39 Confetti in the Air – Tiffany Jensen

Author: Tiffany Jensen, Pima Community College

There is no greater thrill than throwing confetti in the air and watching it fall to the floor. Children usually throw it and then scoop it up and throw it again as a means of keeping the joy in the air. I know this because I have had the great honor of witnessing it many times in my life. The children are usually on stage after a live performance of their own original works. In the documentary “Hear Me, See Me,” the director describes the performing theater company Stories That Soar, as a compelling story of what it means to create art and space that is truly inclusive.(loftcinema.org) This documentary was a presentation of the power that Stories That Soar possesses to give voice to students who may otherwise not be able to express themselves. This is the same approach to the ongoing mission of this profoundly impactful community institution and its interaction with youth throughout Tucson.

Creator Sharon O’Brien is the Artistic Director of Stories That Soar and helped to create the Magic Box. The Magic Box is gender neutral and is hungry for stories. It is dropped off at participating schools and kids are invited to write whatever they want. They can ask questions, share stories nonfiction and fiction, and whatever else may pop into their minds. Not only is it promoting kids to read and write, but it is imploring them to use their imaginations in a way they may not be able to. In addition to inspiring creativity, “past studies have shown positive correlations between the arts and academic achievement when the arts were integrated into the literature curriculum” (Inoa, 2013). There is a freedom of artistic expression that children get to feel and see in the presentation of their stories. The actors involved are able to utilize that same freedom in the creation of the performances. This symbiotic relationship is precisely what the Magic Box cultivates.

The experience of bringing stories to life is not just fun and games. Fun is part of it, but the real joy comes from knowing they are making an impact on the children (Pittenger, 2021). In 2011, Stories That Soar merged with other literacy organizations to form Literacy Connects with a reach of over 8000 children a year. Together the mission for promoting literacy in Tucson can be realized with the help of all the creative forces and volunteers of this institution. The office is even located in a part of town that is considered to be low income, and the team of tutors, volunteers, and cast members work tirelessly to be a positive impact in the surrounding neighborhood. During the pandemic the concept shifted to Stories That Stream and we have not abandoned the work simply because live performances were cancelled. On the contrary, the loss of Richard Elias made it so a financial gift was made in his name to the organization and came at a time when it was needed to keep the magic alive during the pandemic. (KXCI, 2020) It has expanded the ability to include cast members remotely from other cities. It also makes me wonder about the possibility of expanding across America and even the world.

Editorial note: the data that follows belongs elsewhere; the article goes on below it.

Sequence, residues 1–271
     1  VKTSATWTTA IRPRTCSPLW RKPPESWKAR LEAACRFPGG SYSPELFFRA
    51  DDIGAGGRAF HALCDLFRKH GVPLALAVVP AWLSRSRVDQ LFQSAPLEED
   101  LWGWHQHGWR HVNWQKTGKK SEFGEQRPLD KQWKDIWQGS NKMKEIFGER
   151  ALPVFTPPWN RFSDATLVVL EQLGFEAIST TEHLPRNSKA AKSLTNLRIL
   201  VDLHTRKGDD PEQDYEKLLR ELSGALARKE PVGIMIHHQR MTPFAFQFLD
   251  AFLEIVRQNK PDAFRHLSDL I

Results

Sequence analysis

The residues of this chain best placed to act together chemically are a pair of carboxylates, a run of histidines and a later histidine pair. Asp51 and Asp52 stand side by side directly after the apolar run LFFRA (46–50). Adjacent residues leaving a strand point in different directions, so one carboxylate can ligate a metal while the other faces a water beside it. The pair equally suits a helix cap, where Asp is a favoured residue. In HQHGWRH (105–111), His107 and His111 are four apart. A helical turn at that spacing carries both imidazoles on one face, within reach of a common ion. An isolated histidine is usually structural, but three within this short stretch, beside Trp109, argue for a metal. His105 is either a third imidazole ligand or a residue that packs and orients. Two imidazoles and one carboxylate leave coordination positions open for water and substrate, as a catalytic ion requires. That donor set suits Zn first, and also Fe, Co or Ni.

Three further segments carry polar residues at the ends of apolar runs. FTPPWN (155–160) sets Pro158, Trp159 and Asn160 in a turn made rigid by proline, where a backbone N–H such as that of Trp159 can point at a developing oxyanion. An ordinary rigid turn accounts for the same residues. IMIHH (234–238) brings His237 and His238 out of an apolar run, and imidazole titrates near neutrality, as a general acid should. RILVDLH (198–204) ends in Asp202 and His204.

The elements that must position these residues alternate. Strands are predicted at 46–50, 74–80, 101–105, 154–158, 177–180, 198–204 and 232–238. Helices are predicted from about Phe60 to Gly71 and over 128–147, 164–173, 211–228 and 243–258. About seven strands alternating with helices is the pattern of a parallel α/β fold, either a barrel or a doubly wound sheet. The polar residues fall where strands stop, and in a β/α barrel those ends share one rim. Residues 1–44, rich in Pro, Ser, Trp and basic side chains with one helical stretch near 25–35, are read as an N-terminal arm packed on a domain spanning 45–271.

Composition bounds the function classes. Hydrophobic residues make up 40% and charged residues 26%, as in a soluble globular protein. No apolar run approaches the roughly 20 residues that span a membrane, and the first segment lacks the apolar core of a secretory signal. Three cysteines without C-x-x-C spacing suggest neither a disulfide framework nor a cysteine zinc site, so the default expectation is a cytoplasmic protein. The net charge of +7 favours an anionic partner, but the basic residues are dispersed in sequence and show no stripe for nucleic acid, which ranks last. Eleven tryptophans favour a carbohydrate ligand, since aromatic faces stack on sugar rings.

“Having this place where kids can write without judgement” is one of the many reasons why this program has made such an impact on so many children over the years (KXCI, 2020). Even though the program has shifted to online, it does not stop me from fondly remembering the special moment of recognition at the end of the live performances. Each child, story and cast member is on its own like an individual piece of confetti. Different colors, shapes, and sizes representing the magic of possibility, literacy, and magic. We hand it to the children as they hear their name being called and, at the end of the theme song, they throw it in celebration for their stories. There is no greater joy than witnessing the magic of literacy and confetti in the air.


Pittenger, Angela. (2021, July 11). Stories that soar: From child’s imagination to the stage. Arizona Daily Star. Retrieved December 14, 2021, from https://tucson.com/entertainment/stories-that-soar-from-childs-imagination-to-the-stage/article_6a530288-1990-560f-bbed-906a26a74d1b.html.

“Hear me, see me – justice, equality, and the inclusive power of the Arts”, the loft cinema. The Loft Cinema. (2013, October 16). Retrieved December 14, 2021, from https://loftcinema.org/film/hear-me-see-me-justice-equality-and-the-inclusive-power-of-the-arts/?fbclid=IwAR2KdYMQVbEF12k-fYQj8w95tS96tH2NJs_2CDCRPTGRaMSYo0P1WopbUBo.

Inoa, R. W. (2013, November 30). A study on the relationship between Theater Arts and student literacy and mathematics achievement. Journal for Learning through the Arts. Retrieved December 14, 2021, from https://eric.ed.gov/?id=EJ1050665.

Kxci. (n.d.). Sharon O’Brien — stories that soar! KXCI. Retrieved December 15, 2021,from https://kxci.org/podcast/sharon-obrien-stories-that-soar/



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